PFAW Urges House to Revise Hate Crimes Provision

People For the American Way urged Congress to support efforts by U.S. Representative John Conyers, Jr., D-Mich., to revive a bill containing a hate crimes provision which has been stalled in a conference committee. At a press conference on Capitol Hill today, Conyers announced his submission of a petition to discharge the Local Law Enforcement Enhancement Act (LLEEA) from the conference committee for a vote on the House floor.

LLEEA would extend the federal government's ability to investigate or prosecute incidents of hate violence in two ways. First, it would expand the scope of hate crimes based on race, religion, national origin and ethnicity to include those crimes perpetrated when the victim is not engaged in a "federally protected activity." In addition, it would extend the scope of prosecutable hate crimes to include those based on gender, disability, and sexual orientation.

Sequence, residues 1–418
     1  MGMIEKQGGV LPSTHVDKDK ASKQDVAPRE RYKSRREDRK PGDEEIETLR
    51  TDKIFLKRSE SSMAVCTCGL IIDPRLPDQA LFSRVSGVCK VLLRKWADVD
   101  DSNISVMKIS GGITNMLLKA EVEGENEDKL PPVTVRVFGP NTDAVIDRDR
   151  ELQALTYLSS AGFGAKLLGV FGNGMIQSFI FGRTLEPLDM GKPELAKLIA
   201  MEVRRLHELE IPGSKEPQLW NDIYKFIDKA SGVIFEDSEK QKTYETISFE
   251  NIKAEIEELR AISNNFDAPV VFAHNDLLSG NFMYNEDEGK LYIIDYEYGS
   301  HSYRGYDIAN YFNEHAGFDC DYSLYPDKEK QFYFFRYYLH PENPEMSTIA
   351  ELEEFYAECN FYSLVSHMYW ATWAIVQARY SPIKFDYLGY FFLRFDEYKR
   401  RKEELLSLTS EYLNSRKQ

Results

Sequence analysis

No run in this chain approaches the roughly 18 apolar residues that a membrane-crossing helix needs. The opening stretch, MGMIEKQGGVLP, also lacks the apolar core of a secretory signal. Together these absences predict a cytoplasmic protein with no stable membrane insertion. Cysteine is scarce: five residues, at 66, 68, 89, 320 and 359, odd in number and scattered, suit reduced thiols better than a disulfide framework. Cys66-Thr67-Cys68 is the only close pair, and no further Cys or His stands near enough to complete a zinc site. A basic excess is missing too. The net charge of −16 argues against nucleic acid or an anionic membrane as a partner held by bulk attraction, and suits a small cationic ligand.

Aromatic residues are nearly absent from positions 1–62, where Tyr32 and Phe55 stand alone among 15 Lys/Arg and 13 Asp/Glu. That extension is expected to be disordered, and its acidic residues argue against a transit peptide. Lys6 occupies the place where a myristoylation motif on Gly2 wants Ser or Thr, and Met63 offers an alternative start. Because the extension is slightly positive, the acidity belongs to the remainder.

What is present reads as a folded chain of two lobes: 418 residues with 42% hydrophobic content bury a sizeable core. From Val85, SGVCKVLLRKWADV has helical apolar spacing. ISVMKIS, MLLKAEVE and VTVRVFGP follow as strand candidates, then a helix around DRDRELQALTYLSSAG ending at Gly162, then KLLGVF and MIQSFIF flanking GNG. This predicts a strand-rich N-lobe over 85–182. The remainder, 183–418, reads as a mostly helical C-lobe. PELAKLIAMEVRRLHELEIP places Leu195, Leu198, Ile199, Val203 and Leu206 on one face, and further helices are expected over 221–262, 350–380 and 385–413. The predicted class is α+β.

“Too many members of Congress are willing to talk the hate crimes bill to death,” said PFAW President Ralph G. Neas. “The House of Representatives has been debating hate crimes legislation for years. The need is clear. The remedy is clear. It is past time for the House to act.”

LLEEA passed the Senate Judiciary Committee on July 26, 2001. It contains provisions of the Hate Crimes Prevention Act that passed in both Houses last year and was sponsored by Sens. Edward Kennedy, D-Mass., Gordon Smith, R-Ore., and Conyers.

Many right-wing leaders in Congress have opposed efforts to include sexual orientation in the federal Hate Crimes Law. Part of their argument is that gays are not a group singled out for discrimination. Since 1993, People For the American Way Foundation has published a book, Hostile Climate, that chronicles the ongoing struggle gays face in overcoming bigotry. The eighth edition of the book will be released before the end of the month.

Share this page: Facebook Twitter Digg SU Digg Delicious